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‘Rural’ rhetoric in 1930s unemployment relief schemes

  • Ronan O’Donnell (a1) and David Petts (a1)

Abstract

This article examines the role of particular ideas of the countryside in unemployment relief schemes. While interwar thinking on the countryside has received attention, it has not been examined in the specific context of unemployment relief. This article uses four case studies from North East England, namely the Team Valley Trading Estate (Gateshead), Hamsterley Forest Instructional Centre (Durham), Swarland model village (Northumberland) and Heartbreak Hill (Cleveland). All four projects took different approaches to the unemployment problem, but all used some form of rural rhetoric. The ways in which the projects deployed images of the countryside creatively recombined a wide range of ideas to suit their needs rather than being rigidly confined by particular schools of thought.

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*Corresponding author. Email: r.p.o’donnell@durham.ac.uk

References

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Notes

1 Howkins, A., The Death of Rural England: a Social History of the Countryside since 1900 (London, 2003), pp. 95112; Jeans, D. N., ‘Planning and the myth of the English countryside in the interwar period’, Rural History, 1:2 (1990), 249–64; Matless, D., Landscape and Englishness (London, 2016); Moore-Colyer, R. J., ‘From Great Wen to Toad Hall: aspects of the urban-rural divide in inter-war Britain’, Rural History, 10:1 (1999), 105–24.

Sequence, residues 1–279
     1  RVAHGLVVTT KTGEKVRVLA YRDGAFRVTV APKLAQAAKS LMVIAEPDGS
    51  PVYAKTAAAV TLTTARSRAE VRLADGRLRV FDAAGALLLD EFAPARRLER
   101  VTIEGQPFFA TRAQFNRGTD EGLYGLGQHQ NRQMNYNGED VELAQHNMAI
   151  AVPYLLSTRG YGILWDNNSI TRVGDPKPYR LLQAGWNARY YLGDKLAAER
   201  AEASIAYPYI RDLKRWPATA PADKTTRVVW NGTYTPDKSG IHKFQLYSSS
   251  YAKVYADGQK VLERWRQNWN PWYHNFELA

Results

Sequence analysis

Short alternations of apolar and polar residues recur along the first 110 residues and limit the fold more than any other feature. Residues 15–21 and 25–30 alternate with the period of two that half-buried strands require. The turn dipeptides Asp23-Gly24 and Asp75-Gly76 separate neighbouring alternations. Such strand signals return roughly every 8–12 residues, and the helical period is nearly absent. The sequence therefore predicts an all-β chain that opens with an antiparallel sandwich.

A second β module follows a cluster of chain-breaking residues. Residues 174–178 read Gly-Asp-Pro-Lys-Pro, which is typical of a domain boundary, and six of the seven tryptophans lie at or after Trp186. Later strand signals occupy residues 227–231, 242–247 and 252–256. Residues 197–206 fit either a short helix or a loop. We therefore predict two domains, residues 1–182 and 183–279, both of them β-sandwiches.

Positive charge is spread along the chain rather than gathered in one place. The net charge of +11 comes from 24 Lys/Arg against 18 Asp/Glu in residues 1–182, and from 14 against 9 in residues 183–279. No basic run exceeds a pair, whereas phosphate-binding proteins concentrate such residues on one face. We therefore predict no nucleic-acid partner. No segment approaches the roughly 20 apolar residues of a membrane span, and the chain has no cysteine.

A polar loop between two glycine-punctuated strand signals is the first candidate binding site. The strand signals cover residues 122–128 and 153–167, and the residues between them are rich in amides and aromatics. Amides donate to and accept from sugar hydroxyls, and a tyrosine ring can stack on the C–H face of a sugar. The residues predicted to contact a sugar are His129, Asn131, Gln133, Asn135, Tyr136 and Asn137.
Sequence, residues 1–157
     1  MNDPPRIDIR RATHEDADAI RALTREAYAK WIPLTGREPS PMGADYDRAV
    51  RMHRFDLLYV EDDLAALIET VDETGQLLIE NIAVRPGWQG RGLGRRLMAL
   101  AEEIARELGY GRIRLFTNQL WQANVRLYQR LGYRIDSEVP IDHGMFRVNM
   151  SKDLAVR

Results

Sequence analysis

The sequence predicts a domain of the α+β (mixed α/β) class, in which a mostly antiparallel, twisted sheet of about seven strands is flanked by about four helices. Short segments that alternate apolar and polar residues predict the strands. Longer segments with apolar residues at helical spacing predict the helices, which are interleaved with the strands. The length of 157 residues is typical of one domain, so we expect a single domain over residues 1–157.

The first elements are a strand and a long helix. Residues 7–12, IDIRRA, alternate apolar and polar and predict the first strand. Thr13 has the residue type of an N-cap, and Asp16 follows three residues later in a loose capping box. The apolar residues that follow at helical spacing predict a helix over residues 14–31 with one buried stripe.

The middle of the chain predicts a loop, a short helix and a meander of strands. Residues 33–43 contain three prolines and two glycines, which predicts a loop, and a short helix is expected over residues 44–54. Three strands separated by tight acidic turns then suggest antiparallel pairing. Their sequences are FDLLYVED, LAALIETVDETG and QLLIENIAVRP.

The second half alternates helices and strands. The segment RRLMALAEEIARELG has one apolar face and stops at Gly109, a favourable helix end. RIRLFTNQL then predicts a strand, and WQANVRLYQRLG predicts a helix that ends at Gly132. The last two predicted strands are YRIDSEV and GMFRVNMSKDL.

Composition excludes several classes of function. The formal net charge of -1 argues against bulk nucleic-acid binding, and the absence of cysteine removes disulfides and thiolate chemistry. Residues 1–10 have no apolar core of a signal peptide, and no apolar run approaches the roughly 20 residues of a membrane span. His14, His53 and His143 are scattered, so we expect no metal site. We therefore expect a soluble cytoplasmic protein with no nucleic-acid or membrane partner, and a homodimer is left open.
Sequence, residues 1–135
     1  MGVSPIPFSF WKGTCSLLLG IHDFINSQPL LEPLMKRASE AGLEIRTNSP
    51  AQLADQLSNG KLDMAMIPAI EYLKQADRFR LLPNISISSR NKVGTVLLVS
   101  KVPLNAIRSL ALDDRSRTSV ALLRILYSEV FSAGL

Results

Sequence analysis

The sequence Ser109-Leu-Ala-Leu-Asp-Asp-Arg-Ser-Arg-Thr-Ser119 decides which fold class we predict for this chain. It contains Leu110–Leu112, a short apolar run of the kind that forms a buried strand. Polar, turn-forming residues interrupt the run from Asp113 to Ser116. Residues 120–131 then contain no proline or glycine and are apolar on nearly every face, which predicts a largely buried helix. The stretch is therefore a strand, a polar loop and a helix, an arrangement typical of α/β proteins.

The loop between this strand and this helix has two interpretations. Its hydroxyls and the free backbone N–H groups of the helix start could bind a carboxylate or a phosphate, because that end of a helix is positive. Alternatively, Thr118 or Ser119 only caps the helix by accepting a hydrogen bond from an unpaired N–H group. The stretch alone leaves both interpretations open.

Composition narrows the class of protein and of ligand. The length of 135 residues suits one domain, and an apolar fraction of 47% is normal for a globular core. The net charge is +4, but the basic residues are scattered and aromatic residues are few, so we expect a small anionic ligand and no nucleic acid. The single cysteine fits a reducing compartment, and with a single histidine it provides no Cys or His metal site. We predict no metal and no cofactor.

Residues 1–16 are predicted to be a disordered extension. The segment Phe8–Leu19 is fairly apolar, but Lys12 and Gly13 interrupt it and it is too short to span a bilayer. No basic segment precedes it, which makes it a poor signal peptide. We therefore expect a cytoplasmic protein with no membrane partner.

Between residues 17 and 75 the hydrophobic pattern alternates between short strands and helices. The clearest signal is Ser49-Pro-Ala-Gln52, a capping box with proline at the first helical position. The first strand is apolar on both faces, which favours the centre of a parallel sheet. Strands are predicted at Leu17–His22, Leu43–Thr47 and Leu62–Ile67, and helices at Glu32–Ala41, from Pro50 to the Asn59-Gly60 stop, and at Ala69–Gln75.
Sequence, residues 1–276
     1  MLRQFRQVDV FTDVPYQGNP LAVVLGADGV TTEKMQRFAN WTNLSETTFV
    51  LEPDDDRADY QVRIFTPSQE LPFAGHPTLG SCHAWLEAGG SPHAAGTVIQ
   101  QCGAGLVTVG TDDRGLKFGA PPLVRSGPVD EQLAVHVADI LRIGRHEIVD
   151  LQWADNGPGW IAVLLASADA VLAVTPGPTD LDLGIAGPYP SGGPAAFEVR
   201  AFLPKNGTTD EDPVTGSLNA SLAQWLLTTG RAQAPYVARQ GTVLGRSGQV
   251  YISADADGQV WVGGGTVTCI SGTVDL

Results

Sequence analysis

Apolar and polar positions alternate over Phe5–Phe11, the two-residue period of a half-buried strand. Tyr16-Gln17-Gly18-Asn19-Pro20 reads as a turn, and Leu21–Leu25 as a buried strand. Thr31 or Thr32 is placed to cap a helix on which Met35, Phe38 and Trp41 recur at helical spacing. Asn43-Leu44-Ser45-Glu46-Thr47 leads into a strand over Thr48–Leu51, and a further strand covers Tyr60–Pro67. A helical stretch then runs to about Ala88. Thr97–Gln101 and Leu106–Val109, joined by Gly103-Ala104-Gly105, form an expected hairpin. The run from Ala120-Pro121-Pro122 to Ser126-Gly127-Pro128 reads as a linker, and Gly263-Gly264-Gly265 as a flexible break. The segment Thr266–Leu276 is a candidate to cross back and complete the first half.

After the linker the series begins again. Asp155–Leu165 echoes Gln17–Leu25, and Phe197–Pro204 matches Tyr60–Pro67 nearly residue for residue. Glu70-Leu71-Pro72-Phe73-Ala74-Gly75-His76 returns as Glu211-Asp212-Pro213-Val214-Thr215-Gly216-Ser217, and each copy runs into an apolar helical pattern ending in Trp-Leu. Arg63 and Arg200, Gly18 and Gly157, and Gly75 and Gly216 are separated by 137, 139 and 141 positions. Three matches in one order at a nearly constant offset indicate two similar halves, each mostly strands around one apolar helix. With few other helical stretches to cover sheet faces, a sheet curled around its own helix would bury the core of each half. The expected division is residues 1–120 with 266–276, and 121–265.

2 Howkins, The Death of Rural England, p. 98; Jeans, ‘Planning and the myth of the English countryside’, 252.

3 Howkins, The Death of Rural England, p. 97; Taylor, H., A Claim on the Countryside: A History of the British Outdoor Movement (Edinburgh, 1997).

4 Matless, Landscape and Englishness; Moore-Colyer, ‘From Great Wen to Toad Hall’.

5 Miller, S., ‘Urban dreams and rural reality: land and landscape in English culture, 1920–45’, Rural History, 6:1 (1995), 89102; Moore-Colyer, ‘From Great Wen to Toad Hall’, 110.

6 Jeans, ‘Planning and the myth of the English countryside’.

7 Matless, Landscape and Englishness.

8 Conford, P., The Origins of the Organic Movement (Edinburgh, 2001), pp. 164–6.

9 Taylor, A Claim on the Countryside, pp. 236–7.

10 Hadfield, A. M., The Chartist Land Company (Newton Abbot, 1970); Marsh, J. Back to the Land: the Pastoral Impulse in Victorian England 1880–1914 (London, 2010), pp. 126.

11 Stevenson, J. and Cook, C., The Slump: Britain in the Great Depression (London, 1977).

12 Special Areas (Development and Improvement) Act 1934; Special Areas (Amendment) Act 1937.

13 Teesside Record Office (hereafter TRO) U/PEN/11/32.

14 Chase, M. and Whyman, M., Heartbreak Hill: A Response to Unemployment in East Cleveland in the 1930s (Boosbeck, 1991).

16 Moore-Colyer, R. J., ‘Back to basics: Rolf Gardiner, H. J. Massingham and “a kinship in husbandry”’, Rural History, 12:1 (2001), 85108; Conford, Origins of the Organic Movement.

17 Chase and Whyman, Heartbreak Hill.

18 TRO U/PEN.

19 Northumberland Record Office (hereafter NRO) T/249.